Alec Swann - The King is dead, long live the (next) King

Northamptonshire Telegraph's sports writers Jon Dunham, Jim Lyon and Alec Swann.

Northamptonshire Telegraph's sports writers Jon Dunham, Jim Lyon and Alec Swann.

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When is the right time to make the change?

Not moving house or job, although that can be a decision to tax the clearest ofd minds, but the termination of a successful sporting outfit or career.

History has shown, time and time and time again, that this is a decision that really does benefit from a healthy does of hindsight.

It is those on the inside, those in the heat of the battle, those existing in the bubble that surrounds professional teams and individuals who just don’t see the bigger picture and fail to notice the increasingly bright warning light until it is much too late.

Think England’s cricket team in the winter, a group with an excellent record who played a series too far and were given an almighty hiding.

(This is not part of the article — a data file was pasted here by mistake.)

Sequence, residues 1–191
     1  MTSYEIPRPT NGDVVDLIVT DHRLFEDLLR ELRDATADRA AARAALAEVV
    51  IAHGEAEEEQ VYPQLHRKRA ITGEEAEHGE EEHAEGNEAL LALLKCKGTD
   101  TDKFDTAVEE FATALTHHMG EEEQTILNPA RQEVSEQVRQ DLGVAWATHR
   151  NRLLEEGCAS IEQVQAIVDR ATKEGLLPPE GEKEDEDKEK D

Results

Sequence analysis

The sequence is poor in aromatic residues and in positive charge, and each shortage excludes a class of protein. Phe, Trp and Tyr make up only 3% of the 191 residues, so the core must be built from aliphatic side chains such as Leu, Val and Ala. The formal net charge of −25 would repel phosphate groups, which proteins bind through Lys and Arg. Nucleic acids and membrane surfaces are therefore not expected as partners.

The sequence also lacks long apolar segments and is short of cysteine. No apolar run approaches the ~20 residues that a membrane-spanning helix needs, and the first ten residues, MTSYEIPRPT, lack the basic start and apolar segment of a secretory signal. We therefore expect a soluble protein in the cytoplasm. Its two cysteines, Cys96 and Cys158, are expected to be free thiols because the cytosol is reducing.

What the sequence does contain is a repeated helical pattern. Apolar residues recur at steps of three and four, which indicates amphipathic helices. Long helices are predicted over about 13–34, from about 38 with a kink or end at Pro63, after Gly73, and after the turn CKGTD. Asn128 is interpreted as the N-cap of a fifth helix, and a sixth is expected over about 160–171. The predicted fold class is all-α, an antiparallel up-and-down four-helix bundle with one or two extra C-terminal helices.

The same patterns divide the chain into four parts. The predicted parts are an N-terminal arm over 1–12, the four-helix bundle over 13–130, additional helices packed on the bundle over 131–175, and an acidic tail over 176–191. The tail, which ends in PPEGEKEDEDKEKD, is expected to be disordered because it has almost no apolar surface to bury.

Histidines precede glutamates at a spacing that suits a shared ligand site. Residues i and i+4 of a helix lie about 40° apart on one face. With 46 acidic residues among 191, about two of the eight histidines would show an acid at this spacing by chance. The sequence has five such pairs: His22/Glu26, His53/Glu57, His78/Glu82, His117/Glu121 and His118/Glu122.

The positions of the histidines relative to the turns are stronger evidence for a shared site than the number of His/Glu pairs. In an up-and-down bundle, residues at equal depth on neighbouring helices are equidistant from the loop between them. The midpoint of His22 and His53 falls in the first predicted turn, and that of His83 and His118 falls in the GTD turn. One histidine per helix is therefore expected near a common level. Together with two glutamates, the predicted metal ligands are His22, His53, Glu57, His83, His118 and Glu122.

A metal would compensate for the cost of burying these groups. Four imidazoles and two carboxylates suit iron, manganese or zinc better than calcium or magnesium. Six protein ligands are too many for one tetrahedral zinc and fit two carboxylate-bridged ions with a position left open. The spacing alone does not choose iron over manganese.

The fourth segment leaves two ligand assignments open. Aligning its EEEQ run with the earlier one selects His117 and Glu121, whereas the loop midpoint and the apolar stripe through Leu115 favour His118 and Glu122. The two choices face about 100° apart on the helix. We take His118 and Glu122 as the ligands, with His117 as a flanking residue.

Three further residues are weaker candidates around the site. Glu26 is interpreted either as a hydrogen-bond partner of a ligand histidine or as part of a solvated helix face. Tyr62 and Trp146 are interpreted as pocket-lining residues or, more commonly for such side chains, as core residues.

Think Manchester United, Premier League champions who, with a new man at the helm, didn’t carry out the necessary surgery and were made to look like also-rans.

Think numerous boxers, the lure of former glories too great to resist, who take that additional fight and find the youthful vigour once possessed has long gone.

With a bit of research I could go on but I’d like to think the point has been made.

And all of this should resonate given the fate that befell the Spanish national football team on Wednesday evening.

The defending World champions, a squad boasting numerous modern greats and responsible for a style to make the purists drool, awarded a dose of reality that must have hit them between the eys with some force.

Fresh off an unexpected drubbing by the Netherlands, and in a contest they couldn’t afford to lose, the Spaniards were given a good going-over by an enthusiastic Chile side who were well worth their 2-0 triumph.

On the highest stage, in the game’s marquee event, the team to beat had their shorts pulled down and their backsides slapped.

An empire, one had that bestrode the game for a decent length of time picking up every major prize going, crumbling in a 90-minute spell that proved, emphatically, that experience isn’t everything.

In the aftermath, in fact, as the drama was unfolding, it was all too apparent that this was a Spanish side who had taken on a tournament too many.

They appeared slow, ponderous, tactically lacking and, dare one say it, not up to the challenge.

In very stark contrast, their opponents were sharper, more nimble, pressed hard and continuosly and rose to the very same examination.

It happens to the best as time waits for no sportsman and the Spanish’s time, as of Wednesday evening, is up.

Out-thought, out-fought, out-played.

Out.